A Philosophical Cowboy.
J.H.S. Out West Magazine, 1911.
The cattle get wild and the broncs get mean,
And the calves get bigger as the days go by,
So we got to keep a-rimming, boys—it’s root hog or die.
If you ride a mount of horses you’ve got to keep them shod;
If you can’t shoe them standing, then lay them on the sod;
You can tack the iron on them if you’re amind to try,
So get busy, boys—for it’s root hog or die.
In the morning after breakfast, about daylight,
Throw your saddle on a horse and pull your cinches tight;
The bronc may jump crooked or he may jump high,
But we all got to ride them, boys—it’s root hog or die.
O, the hills are rough and rocky but we got to make the drive;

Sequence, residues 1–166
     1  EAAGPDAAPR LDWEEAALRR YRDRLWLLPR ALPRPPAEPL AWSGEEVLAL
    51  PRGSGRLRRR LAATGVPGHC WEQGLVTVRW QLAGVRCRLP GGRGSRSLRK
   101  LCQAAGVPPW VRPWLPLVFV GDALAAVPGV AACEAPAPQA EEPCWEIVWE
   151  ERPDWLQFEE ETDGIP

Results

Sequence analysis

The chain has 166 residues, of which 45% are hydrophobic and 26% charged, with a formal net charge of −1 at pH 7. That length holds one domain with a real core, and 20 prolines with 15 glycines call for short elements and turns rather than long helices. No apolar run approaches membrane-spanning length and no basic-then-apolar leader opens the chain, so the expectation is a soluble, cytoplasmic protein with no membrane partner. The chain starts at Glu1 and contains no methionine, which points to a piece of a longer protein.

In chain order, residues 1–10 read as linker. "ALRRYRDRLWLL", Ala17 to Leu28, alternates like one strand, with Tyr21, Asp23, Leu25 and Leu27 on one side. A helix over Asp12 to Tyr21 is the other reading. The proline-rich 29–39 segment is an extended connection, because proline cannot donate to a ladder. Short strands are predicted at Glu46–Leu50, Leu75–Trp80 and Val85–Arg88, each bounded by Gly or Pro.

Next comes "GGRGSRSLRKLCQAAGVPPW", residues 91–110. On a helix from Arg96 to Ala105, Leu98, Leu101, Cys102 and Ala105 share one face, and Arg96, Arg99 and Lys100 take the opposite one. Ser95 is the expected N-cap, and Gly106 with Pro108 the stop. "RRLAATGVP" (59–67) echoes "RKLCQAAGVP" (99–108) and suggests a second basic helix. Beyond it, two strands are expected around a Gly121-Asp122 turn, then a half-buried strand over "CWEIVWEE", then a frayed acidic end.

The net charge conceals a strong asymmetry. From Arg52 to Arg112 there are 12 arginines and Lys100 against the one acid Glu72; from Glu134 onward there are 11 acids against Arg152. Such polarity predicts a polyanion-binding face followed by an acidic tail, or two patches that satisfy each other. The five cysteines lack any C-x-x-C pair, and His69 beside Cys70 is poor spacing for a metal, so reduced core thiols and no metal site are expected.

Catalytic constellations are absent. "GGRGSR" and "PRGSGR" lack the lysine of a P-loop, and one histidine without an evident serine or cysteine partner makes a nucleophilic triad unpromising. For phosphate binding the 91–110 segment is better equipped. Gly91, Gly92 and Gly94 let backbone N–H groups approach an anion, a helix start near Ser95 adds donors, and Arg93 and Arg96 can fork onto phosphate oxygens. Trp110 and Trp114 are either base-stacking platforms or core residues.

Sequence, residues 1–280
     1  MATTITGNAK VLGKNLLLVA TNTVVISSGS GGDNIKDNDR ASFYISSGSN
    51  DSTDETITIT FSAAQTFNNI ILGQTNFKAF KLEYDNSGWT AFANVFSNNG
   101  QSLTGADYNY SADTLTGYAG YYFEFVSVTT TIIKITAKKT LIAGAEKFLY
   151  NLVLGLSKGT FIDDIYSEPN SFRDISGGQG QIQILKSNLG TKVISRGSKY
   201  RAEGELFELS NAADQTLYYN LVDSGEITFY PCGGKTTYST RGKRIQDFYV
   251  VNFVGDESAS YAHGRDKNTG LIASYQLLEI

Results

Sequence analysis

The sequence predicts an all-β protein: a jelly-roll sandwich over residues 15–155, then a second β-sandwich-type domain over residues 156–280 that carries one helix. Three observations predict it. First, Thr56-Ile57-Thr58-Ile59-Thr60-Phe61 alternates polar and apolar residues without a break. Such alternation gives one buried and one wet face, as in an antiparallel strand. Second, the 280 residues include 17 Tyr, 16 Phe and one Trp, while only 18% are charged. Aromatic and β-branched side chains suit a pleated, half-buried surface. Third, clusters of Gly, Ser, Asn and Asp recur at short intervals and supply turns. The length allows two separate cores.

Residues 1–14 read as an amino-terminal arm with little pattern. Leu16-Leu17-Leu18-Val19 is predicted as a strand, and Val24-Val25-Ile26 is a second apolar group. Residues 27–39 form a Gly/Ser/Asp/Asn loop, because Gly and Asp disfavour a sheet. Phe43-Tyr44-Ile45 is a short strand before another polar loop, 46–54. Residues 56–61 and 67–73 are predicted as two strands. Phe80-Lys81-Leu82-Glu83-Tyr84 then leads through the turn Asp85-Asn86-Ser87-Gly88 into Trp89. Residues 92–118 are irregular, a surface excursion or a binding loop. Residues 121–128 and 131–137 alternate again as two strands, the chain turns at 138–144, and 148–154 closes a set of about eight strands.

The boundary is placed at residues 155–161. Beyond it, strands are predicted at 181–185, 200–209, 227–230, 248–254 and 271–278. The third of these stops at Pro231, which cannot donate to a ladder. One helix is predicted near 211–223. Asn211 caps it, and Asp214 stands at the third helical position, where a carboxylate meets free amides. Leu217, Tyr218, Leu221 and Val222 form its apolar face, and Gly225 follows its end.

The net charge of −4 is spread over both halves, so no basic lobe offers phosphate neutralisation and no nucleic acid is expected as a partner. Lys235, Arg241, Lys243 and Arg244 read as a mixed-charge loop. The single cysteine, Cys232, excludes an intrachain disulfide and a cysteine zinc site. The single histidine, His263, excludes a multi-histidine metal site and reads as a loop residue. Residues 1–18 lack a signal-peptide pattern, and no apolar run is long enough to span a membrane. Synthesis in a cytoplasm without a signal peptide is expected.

When you start a bunch of cattle you better come alive;
If you ever get a maverick you must get him on the fly,
So you better take to them, boys—it’s root hog or die.
When the long day is over you’ll be glad to see the chief
With a pot of black coffee and another full of beef
And some sour dough biscuits to take the place of pie—
When he hollers, “Come and get it”—it’s root hog or die.
In the middle of the night it is sometimes awful hard
To leave your warm blankets when you’re called on guard,
And you pass the weary moments while the stars are in the sky,
Humming to the cattle, boys—it’s root hog or die.
Sometimes it’s dreadful stormy and sometimes it’s pretty clear,
You may work a month and you might work a year;
But you can make a winning if you’ll come alive and try—
For the whole world over, boys—it’s root hog or die.